The Polk County Sheriff’s Office Investigates Illegal Dumping in Pastures & Groves

by Grady Judd, Polk County Sheriff Illegal dumping isn’t just unsightly, it threatens our quality of life. Refuse which is not properly disposed is a hazard to people, animals and ultimately consumers. And property values can dramatically decrease as a result of illegal dump sites. The most frequent victims of illegal dumping are agricultural property owners. Back pastures and groves are frequent locations used by suspects who often think no one will ever find the tires, building materials, or yard waste they dump. But the Polk County Sheriff’s Office Environmental Crimes deputies are hard at work to prevent, and investigate illegal dumping, charging those responsible. The PCSO Environmental/Marine Unit is responsible for the investigation of unlawful dumping cases that include a wide variety of materials from household garbage to chemical spills. A close working relationship with Federal, State and local environmental compliance agencies is essential to the protection of our natural resources. The Environmental/Marine Unit works closely with the Agriculture Crimes Unit as many of the cases investigated by the unit occur on agriculture lands. The unit is also tasked with investigating major animal cruelty cases including pit bull dog fighting and rooster fighting rings. The PCSO Environmental/Marine Unit is also responsible for the patrol and enforcement of boating laws and ordinances on Polk’s 500 + lakes.

36 INTHEFIELD MAGAZINE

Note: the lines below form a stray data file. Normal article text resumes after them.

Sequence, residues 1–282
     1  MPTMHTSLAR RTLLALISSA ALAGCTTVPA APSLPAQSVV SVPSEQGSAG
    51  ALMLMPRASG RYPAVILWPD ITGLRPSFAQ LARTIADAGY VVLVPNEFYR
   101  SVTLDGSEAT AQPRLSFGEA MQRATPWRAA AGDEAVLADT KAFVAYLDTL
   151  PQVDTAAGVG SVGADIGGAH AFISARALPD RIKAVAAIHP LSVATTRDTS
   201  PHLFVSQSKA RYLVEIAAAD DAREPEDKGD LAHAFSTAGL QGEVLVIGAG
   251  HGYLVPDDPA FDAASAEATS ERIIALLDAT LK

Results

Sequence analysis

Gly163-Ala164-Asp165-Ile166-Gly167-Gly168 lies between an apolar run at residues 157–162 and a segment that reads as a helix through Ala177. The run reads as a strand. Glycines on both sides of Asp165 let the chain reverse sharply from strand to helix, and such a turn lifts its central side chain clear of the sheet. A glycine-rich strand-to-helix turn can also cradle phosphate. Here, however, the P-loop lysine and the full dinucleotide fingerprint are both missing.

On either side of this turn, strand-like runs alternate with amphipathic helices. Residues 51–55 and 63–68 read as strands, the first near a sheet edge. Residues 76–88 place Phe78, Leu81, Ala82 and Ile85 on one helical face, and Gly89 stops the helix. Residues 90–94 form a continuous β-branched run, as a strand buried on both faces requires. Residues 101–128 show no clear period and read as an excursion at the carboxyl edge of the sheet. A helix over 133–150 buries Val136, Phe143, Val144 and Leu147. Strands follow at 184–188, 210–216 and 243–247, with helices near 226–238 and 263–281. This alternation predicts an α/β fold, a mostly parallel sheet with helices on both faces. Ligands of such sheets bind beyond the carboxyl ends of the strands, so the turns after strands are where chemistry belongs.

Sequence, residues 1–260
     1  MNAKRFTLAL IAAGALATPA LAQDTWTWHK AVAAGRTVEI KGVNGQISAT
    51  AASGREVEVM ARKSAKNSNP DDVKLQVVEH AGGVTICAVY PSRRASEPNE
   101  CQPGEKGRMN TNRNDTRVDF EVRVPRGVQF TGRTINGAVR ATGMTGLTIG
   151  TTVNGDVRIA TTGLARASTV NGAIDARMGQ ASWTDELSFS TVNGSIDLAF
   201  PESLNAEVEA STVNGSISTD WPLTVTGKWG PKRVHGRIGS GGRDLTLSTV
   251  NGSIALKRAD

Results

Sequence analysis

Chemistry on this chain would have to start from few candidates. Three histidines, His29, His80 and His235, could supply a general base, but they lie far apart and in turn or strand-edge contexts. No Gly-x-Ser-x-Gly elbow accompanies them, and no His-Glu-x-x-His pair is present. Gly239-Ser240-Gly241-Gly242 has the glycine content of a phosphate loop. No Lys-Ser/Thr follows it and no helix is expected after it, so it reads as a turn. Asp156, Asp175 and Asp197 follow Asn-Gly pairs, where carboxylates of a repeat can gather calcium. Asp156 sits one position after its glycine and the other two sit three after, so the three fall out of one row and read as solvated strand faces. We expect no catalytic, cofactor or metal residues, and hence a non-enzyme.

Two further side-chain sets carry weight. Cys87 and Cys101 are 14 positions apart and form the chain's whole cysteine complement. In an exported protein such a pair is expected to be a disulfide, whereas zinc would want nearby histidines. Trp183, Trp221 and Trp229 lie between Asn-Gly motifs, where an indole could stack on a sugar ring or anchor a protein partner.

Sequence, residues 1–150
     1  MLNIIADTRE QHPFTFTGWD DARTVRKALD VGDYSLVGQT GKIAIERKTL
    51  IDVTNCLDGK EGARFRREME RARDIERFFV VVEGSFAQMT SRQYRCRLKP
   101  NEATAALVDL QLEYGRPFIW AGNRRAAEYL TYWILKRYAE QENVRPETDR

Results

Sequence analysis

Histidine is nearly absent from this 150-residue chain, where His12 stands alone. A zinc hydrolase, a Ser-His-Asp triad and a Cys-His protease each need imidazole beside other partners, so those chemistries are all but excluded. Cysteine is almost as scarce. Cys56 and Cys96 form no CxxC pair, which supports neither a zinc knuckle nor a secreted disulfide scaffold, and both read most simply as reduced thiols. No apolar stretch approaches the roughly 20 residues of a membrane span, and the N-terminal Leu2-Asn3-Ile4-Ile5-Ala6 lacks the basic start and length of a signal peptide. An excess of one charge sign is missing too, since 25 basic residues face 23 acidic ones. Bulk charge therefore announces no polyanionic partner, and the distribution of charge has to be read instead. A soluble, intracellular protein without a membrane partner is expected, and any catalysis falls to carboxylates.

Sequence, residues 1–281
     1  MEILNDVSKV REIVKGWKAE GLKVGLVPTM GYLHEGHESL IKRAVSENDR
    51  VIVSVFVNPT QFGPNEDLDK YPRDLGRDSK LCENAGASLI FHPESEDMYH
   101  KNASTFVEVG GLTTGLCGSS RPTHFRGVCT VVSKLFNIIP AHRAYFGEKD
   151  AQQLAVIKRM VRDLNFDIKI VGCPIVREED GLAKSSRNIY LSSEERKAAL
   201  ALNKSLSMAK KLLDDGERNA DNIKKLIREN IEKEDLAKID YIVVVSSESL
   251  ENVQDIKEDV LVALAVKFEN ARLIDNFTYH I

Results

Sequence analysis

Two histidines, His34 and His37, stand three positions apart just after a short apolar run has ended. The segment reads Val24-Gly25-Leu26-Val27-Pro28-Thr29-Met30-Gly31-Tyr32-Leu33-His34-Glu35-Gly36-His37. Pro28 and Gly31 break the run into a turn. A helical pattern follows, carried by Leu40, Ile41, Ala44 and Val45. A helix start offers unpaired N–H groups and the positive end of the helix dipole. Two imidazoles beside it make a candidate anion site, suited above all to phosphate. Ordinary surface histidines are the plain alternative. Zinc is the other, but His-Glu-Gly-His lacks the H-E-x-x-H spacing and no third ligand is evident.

Illegal dumping is a violation of Florida State Statute 403.161. Environmental deputies made a total of 49 arrests in illegal dumping cases in the first six months of 2011. In addition, Environmental deputies issued 92 affidavits charging suspects with illegal dumping in Polk County. With the recent increase in property foreclosures, PCSO deputies have seen an increase in the dumping of construction materials and personal property. Mortgagers or lien holders typically contract the clearing of vacated houses. In some cases, those contractors sub-contract the work. Those subcontractors may not want to make the drive to the Polk County Land Fill, or want to pay the cost of properly disposing of the materials. It is in those instances illegal dumpers find nearby, isolated acreage and simply dump the trash, debris and building materials. Deputies in the PCSO Environmental Unit are not taking these cases lightly and encourage agriculture property owners to make frequent checks of isolated acreage checking for possible dumping. Grove and pasture owners are reminded to call deputies when they find illegal dumping on their property before attempting to clean up the refuse – deputies can determine if any of the evidence can lead them back to the suspect responsible for the dumping.